It’s the key component to what makes an electric guitar do its magic, so everyone knows how they work, right? Every blues player on the entire internet raise your hands if you know how guitar pickups work. Hmm… looks like some folks are in the dark. Since understanding your gear can lead you to getting more out of it, seems like now would be a good time to take a closer look at guitar pickups and how they help us make the music we love so much.
In an electric guitar there are two major elements involved in the production of sound: string, and pickup. We know that when we pluck a string it vibrates and makes sound. You don’t even need an amp to figure that out. The string’s sound is very soft, however, and an acoustic guitar’s abilities for amplification can quickly be outgunned in a crowded bar or in venues of large size. The solution to this problem was to create a sensor that could translate the vibrations of the string into an electronic signal that could, in turn, be electronically amplified with yet another device (the amp) and projected at louder volume.
The magic piece in this equation is the guitar pickup. The pickup is capable of translating the string’s vibrations into an electronic signal by virtue of what is called Faraday’s Law of Induction. Faraday’s Law of Induction states that any change in the magnetic environment of a coil of wire will cause a voltage to be generated in the coil.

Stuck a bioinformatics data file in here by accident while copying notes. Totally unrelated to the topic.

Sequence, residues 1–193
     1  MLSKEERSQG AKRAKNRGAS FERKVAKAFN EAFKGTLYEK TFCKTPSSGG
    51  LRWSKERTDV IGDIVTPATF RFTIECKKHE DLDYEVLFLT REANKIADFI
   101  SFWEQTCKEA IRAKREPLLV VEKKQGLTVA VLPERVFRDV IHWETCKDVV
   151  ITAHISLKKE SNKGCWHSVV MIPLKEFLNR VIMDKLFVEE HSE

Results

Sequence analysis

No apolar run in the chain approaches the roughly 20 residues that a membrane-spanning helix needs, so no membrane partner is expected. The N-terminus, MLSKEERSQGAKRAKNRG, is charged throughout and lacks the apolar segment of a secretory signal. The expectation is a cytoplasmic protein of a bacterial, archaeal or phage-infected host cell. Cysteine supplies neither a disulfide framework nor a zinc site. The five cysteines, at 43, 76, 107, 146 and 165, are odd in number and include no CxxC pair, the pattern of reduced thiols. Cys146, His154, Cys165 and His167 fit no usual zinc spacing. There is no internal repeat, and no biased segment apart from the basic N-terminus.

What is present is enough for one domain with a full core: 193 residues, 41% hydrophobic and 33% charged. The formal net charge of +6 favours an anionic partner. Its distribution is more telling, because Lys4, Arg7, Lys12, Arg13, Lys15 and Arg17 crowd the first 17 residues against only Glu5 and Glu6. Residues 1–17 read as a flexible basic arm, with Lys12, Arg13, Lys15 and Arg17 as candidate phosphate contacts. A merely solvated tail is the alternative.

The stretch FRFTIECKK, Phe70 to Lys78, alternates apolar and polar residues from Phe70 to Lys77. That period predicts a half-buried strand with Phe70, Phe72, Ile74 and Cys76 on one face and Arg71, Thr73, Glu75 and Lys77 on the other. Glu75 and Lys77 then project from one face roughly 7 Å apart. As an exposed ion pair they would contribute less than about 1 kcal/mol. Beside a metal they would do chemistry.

What does a magnetic environment have to do with pickups? Perhaps it’s best to take a look at the makeup of a pickup itself. Not all pickups are designed exactly the same, of course, but a Fender Stratocaster pickup makes for a simple and effective explanation. In a Strat pickup there are six pole pieces, one for each string. The pole piece is a rod of metal that is has very small wire coiled around it numerous times, up to 7,000 windings. When the guitar is plugged in it receives a small charge that runs through the coils, resulting in the creation of an electromagnetic field above the pole piece. When the metal guitar string is picked, its movement disturbs this magnetic field, inducing a voltage in the coil that is transferred to the permanent magnet mounted below the pole pieces. The permanent magnet translates that voltage into a signal that is transferred through the volume and tone controls and out to the amplifier.
There are a variety of other types of pickups that have different designs, but the basics apply to all of them. The properties of operation in effect on pickups can be manipulated. For instance, the number of windings around a pole piece will affect the tone, more windings often causing a pickup to be “hotter.” The position of the pole piece relative to the string will change the sound, which is why it is important to adjust the pickup height properly on a guitar. If the string is too close to the pickup and the pickup magnet is very strong, the magnet’s pull can affect string vibration, lower sustain and cause tuning issues. Doing additional research on guitar pickups relative to your application can do you a world of good in achieving that special tone you desire.